Abraxas Magpie moth - Abraxas grossulariata, species information page.

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Magpie moth - Abraxas grossulariata
Family - Geometridae

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Magpie moth - Abraxas grossulariata, click for a larger image, photo licensed for reuse ©2009 Entomart
Photo ©2009 - Entomart
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Magpie moth - Abraxas grossulariata, click for a larger image, photo licensed for reuse CCASA3.0
Photo ©2009 Acélan

The Magpie moth is a very striking moth with a distinctive pale white, black and orange colouration.  The forewings are a white background with six transverse bands of black splotches, the center two lines having an orange infill.  Native within the Palaearctic ecozone, common and abundant throughout much of the British Isles but less so in the north, it will be found in gardens, open countryside, scrub, woodland edges, meadows and wooded areas on the wing from June to August.  The forewings are 18–25mm (0.7–1.0in) giving them an overall wingspan of around 55mm (2.2in), hind wings are very similar but with only two rows of black splotches and no orange infill.  The body is orange with black splotches.  The Magpie moth is a variable species with several forms and subspecies.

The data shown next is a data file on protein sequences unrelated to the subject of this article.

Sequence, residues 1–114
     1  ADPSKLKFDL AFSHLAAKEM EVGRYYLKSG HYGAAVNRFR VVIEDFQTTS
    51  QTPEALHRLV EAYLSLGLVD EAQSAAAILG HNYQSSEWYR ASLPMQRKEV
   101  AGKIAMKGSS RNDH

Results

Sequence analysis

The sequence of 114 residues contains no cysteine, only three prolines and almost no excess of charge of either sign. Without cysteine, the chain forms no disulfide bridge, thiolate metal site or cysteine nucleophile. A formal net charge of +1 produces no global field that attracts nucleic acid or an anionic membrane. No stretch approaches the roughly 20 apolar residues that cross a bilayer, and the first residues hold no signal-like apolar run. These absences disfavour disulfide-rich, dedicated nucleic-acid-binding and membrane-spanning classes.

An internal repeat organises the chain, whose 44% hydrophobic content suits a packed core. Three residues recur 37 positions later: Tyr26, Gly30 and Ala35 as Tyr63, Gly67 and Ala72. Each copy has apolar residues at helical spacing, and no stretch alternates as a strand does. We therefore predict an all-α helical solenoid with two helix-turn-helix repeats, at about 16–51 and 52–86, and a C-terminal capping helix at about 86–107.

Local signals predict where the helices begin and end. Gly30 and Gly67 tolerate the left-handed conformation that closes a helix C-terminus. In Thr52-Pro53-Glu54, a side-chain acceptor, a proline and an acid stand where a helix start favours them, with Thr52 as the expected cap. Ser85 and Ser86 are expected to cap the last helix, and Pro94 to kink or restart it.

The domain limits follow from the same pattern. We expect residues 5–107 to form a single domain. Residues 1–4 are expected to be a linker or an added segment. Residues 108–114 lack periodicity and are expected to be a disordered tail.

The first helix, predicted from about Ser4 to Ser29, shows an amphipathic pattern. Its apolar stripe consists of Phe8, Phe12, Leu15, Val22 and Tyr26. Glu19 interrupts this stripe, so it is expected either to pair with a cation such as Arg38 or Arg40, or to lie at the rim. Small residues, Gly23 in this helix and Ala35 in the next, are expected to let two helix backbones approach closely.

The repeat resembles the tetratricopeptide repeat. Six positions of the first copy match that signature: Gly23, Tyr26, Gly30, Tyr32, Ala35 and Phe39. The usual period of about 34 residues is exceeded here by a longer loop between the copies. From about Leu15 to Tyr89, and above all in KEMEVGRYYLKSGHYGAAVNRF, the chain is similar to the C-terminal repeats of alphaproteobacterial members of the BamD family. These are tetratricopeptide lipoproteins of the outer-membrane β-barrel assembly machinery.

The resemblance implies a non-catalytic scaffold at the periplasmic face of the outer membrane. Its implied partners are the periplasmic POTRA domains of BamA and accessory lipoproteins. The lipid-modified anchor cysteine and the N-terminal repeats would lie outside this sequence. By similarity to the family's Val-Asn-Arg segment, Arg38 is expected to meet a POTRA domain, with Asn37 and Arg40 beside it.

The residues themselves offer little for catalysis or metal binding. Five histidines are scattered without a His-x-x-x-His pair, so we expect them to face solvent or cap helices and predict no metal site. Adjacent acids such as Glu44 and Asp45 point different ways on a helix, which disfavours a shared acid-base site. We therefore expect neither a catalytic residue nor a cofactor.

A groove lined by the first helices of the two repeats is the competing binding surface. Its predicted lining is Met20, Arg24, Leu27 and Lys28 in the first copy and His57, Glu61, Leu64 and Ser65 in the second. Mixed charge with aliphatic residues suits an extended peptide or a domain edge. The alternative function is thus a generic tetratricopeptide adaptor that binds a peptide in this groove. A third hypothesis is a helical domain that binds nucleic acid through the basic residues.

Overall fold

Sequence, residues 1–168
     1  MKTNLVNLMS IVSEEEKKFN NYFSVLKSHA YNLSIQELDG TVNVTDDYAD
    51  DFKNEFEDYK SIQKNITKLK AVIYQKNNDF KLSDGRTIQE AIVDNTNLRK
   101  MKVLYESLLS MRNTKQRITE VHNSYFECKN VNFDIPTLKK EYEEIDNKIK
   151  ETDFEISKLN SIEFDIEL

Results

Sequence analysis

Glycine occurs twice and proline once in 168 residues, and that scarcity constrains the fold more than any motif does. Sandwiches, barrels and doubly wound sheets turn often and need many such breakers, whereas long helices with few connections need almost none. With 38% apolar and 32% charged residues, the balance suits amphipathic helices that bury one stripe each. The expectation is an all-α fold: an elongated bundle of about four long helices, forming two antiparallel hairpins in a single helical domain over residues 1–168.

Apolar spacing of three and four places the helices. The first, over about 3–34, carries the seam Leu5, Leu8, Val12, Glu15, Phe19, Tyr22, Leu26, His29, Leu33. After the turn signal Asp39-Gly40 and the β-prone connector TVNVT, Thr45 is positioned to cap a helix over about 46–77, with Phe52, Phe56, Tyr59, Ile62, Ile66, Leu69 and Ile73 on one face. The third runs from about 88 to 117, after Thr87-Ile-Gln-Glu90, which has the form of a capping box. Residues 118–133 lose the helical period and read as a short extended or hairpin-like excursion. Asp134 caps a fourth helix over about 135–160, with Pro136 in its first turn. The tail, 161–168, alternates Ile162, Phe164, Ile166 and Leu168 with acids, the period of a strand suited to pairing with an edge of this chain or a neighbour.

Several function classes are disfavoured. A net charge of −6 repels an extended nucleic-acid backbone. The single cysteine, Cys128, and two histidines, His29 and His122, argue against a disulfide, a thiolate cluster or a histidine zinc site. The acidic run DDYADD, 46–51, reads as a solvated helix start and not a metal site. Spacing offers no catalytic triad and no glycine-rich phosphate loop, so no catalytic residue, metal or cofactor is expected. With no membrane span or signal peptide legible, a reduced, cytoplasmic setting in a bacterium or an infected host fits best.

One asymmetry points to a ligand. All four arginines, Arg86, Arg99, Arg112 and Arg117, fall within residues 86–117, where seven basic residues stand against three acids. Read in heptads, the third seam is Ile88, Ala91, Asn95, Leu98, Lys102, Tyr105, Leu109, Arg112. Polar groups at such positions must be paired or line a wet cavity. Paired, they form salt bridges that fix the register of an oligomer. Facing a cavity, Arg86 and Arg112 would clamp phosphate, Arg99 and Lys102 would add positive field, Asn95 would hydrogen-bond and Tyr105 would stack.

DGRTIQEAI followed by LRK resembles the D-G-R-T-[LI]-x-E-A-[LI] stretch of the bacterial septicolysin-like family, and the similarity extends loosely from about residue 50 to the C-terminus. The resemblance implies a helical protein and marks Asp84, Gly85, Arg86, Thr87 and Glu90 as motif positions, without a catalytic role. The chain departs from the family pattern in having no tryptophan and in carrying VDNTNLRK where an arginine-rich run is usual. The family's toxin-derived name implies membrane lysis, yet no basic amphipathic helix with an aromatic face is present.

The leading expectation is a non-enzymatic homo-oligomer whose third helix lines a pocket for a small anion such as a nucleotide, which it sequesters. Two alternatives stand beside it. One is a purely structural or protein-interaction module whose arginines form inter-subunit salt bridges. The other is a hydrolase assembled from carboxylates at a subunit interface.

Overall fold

The caterpillars conspicuous warning colours have a very similar yellow and black scheme to that of the adults but they are more regularly in patterned as opposed to the seemingly random pattern of the adults.  They over winter as caterpillars and become adults the next year, pupating during May to June.  Some of the food plants they have been found using are Redcurrant – Ribes rubrum and Blackcurrants – R. nigrum, Blackthorn, Hawthorns, Wild Privet, Hazel, Spindle – Euonymus europaea, Willows, Gooseberry and Bramble.

Similar species –
There are two other moth species with similar black, white and yellow markings, both of these are shown for comparison in the two images below to the right.  These are the Clouded Magpie – Abraxas sylvata with a greater area of white background and two distinct groupings of orange and yellow patterns.  The other is the Small Magpie moth, this species as suggested is smaller, it does not have the transverse central orange banding but does retain the orange wing roots of the Magpie moth.

Agassiz #70.205, Bradley & Fletcher #1884

Magpie moth - Abraxas grossulariata, click for a larger image, photo licensed for reuse ©2009 Entomart
Photo ©2009 - Entomart
Magpie moth - Abraxas grossulariata, click for a larger image, photo licensed for reuse CCBY3.0
Photo ©2015 Simon J Tonge
Clouded Magpie - Abraxas sylvata, click for a larger image, photo licensed for reuse CCASA3.0
Clouded Magpie moth
Photo ©2014 Ivar Leidus
Small Magpie moth - Anania hortulata, click for a larger image, photo licensed for reuse CCASA3.0
Small Magpie moth
Photo ©2009 Svdmolen
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